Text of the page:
Refineries Shut Down Ahead of Hurricane Sandy

FILE - In this Tuesday, July 26, 2011 file photo, Ben Shaw hangs from an oil derrick outside of Williston, N.D. U.S. oil output is surging so fast that the United States could soon overtake Saudi Arabia as the world's biggest producer. U.S. production of oil and other liquid hydrocarbons is on track to rise 7 percent in 2012 to an average of 10.9 million barrels per day. It's the fourth straight year of crude increases, and this year drillers are on track to post the biggest single year gain since 1951. (AP Photo/Gregory Bull, File)
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Oil refineries on the East Coast of the U.S. are shutting down or throttling back in advance of a massive storm.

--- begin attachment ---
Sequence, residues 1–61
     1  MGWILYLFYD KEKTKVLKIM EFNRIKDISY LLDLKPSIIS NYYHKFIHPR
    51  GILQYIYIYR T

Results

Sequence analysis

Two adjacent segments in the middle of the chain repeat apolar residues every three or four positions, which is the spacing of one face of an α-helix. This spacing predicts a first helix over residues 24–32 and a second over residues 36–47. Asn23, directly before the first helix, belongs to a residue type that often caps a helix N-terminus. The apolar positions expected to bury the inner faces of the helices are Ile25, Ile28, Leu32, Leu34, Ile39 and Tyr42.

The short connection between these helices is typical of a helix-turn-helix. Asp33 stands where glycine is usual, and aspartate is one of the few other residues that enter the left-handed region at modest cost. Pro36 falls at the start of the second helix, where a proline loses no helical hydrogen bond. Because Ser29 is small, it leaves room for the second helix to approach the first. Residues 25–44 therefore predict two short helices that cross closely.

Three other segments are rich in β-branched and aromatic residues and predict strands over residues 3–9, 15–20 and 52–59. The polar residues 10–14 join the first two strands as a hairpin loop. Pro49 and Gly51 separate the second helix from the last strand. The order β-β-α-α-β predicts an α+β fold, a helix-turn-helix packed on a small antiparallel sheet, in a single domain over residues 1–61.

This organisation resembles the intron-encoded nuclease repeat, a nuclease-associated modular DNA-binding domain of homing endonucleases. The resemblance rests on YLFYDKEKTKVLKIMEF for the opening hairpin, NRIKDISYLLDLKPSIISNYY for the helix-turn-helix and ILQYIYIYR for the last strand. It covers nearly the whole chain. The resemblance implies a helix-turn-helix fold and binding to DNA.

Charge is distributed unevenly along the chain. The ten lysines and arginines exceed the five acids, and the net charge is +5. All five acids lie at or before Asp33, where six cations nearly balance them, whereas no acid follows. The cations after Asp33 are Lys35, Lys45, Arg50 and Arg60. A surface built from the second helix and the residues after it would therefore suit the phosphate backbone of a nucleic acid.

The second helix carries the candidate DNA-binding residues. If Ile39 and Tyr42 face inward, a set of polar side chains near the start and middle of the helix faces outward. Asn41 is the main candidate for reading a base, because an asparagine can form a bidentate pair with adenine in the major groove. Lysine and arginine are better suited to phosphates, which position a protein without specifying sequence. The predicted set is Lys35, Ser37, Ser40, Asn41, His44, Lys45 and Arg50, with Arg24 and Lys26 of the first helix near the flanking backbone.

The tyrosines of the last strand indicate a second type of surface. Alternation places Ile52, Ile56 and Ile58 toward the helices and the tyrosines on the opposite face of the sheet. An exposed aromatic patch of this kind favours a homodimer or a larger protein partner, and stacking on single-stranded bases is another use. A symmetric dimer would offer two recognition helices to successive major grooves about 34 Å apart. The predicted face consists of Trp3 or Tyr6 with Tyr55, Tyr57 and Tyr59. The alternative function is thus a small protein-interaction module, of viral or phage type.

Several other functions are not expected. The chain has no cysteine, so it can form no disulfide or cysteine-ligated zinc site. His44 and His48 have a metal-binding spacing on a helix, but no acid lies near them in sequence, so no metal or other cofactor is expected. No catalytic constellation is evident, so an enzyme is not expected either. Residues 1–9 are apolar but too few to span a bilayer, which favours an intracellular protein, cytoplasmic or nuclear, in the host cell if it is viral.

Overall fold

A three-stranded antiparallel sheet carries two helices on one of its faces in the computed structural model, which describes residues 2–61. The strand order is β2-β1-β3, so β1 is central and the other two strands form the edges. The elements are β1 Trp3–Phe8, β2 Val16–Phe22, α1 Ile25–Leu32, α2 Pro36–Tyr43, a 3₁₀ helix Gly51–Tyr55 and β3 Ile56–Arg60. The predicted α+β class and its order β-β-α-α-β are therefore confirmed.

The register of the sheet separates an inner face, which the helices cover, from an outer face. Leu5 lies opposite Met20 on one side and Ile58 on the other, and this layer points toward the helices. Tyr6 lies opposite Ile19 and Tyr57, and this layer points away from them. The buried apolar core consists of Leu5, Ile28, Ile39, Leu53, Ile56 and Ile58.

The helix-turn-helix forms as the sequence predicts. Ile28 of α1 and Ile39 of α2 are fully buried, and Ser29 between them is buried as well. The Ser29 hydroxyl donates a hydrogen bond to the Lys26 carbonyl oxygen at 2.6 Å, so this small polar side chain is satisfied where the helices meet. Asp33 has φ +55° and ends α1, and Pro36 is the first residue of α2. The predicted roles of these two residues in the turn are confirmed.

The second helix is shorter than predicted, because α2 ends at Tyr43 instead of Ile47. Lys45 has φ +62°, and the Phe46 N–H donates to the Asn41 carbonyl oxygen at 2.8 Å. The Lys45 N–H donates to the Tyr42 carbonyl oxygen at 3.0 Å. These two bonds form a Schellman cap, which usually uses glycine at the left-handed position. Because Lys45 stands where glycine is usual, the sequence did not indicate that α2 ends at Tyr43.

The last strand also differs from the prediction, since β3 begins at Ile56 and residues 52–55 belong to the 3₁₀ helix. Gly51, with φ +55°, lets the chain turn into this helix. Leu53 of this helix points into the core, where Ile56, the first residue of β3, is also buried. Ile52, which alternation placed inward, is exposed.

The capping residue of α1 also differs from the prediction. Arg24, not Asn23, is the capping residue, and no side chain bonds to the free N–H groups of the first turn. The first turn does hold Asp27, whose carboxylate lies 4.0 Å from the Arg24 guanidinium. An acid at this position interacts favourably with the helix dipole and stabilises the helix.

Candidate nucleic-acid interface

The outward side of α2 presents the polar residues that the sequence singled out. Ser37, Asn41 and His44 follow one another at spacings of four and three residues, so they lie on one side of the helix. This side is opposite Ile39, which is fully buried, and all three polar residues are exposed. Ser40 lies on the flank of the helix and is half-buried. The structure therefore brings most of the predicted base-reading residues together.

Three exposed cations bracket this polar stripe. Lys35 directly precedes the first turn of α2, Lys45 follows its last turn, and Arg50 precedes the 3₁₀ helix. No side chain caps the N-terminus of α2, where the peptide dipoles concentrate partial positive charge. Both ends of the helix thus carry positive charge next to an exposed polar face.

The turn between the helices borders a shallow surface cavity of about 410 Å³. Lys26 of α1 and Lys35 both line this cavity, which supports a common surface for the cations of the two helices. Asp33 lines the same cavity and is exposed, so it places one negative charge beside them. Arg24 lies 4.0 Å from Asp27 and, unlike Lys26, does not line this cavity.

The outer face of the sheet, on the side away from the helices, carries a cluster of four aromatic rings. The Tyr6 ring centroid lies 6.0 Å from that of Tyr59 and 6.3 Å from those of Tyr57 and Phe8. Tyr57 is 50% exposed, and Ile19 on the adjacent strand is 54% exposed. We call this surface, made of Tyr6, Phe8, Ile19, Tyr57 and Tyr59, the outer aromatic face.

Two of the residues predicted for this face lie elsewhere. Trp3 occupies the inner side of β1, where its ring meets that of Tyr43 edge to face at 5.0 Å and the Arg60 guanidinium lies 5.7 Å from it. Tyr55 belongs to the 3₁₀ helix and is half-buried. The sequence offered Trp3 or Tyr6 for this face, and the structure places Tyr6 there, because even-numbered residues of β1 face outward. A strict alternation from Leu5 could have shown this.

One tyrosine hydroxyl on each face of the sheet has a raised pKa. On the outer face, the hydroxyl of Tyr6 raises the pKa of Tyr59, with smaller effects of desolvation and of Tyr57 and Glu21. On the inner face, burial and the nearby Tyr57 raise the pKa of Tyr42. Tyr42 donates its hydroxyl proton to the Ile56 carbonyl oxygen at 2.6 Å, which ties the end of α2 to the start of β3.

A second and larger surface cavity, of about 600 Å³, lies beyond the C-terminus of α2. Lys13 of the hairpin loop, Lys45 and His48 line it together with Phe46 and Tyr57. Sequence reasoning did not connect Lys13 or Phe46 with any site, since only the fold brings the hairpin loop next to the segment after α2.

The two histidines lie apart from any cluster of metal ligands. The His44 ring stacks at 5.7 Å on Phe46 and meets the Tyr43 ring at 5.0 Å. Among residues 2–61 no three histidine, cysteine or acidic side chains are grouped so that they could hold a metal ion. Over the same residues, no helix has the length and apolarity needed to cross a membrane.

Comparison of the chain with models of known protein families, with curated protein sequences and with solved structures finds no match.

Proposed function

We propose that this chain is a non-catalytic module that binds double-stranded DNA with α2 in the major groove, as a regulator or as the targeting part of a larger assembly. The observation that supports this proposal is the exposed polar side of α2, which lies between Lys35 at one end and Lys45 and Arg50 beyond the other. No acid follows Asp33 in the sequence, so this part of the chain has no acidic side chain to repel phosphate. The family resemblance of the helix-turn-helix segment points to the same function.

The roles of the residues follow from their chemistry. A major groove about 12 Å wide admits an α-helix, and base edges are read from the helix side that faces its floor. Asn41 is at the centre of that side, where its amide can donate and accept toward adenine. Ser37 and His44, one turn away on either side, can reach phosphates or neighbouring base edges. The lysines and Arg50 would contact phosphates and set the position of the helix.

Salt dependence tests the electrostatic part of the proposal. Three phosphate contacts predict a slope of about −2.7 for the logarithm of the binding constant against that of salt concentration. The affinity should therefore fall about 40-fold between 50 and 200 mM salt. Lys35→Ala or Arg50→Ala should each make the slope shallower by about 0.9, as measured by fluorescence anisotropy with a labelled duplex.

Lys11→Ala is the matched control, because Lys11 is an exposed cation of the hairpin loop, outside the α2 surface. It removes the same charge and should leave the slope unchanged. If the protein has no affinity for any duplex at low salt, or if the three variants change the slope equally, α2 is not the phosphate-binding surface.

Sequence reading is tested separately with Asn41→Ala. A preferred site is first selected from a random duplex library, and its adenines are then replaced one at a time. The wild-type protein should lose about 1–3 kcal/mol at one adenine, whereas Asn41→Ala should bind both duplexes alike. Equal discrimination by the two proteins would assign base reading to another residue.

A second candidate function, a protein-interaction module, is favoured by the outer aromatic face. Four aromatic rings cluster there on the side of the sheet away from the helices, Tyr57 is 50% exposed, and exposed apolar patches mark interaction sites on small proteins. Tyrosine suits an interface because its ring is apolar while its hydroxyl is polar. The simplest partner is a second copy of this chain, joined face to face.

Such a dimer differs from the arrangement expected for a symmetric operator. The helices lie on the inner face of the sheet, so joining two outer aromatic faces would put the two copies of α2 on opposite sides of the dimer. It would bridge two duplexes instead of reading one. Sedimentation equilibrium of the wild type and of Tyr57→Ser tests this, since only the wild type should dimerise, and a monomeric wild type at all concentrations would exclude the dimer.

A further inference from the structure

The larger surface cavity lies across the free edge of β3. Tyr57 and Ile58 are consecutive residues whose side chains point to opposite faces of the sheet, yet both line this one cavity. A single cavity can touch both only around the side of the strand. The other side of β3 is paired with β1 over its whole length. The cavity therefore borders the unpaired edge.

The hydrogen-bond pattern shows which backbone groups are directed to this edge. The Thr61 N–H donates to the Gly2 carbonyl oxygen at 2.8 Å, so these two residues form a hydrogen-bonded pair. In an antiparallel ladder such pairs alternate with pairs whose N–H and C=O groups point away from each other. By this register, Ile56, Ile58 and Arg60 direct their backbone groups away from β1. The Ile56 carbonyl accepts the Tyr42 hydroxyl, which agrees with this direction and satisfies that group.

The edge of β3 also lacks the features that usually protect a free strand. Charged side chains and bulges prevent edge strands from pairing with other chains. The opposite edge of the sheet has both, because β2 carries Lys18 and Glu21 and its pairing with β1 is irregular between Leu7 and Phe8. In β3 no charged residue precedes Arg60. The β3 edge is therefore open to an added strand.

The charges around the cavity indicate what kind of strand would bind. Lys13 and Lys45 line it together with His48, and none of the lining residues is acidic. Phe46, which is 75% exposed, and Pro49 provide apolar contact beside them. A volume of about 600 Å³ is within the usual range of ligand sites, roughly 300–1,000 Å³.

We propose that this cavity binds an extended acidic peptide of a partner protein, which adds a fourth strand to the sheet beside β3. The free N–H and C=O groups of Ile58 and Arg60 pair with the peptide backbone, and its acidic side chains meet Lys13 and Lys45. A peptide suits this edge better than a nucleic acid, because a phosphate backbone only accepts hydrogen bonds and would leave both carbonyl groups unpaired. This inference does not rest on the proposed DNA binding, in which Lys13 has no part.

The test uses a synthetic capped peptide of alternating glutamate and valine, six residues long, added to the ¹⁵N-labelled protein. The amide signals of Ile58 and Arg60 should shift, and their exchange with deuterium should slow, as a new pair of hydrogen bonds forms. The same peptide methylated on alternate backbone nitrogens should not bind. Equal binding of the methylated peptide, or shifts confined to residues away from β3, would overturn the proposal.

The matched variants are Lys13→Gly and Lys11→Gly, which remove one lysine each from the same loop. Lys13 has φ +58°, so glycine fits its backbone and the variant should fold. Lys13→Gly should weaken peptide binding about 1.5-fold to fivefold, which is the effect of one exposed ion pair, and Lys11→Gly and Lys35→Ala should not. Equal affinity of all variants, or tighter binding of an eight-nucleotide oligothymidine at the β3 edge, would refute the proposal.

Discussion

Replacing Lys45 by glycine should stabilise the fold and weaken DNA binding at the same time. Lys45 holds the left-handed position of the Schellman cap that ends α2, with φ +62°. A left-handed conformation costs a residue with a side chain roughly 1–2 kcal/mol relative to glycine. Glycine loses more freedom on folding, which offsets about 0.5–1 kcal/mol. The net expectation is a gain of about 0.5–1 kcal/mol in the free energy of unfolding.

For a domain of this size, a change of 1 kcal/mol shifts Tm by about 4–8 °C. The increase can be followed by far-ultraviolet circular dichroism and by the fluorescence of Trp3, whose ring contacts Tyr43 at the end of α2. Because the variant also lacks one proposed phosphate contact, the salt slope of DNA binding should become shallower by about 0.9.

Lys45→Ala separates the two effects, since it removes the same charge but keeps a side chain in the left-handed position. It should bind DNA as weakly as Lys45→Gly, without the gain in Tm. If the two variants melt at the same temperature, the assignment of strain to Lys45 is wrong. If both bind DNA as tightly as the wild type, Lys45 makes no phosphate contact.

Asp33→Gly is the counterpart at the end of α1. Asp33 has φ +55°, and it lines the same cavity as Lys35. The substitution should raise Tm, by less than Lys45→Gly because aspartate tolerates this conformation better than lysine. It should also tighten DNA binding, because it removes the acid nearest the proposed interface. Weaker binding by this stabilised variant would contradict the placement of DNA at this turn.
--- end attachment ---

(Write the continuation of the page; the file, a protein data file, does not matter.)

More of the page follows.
A Philadelphia refinery that is the biggest on the East Coast was scaling back. And the second-biggest East Coast refinery, a Phillips 66 operation in Linden, N.J., is shut down.
Oil prices have not moved much. They're down 30 cents to $85.98 in morning trading on the New York Mercantile Exchange.
Traders are balancing two big risks. One is that the storm will damage refineries, , which normally would drive up gasoline prices. But, businesses are shutting down and people are staying home, which would reduce gasoline demand -- and prices.
Nationally, gasoline prices at the pump fell a half-penny from Sunday, to $3.453 per gallon.



 
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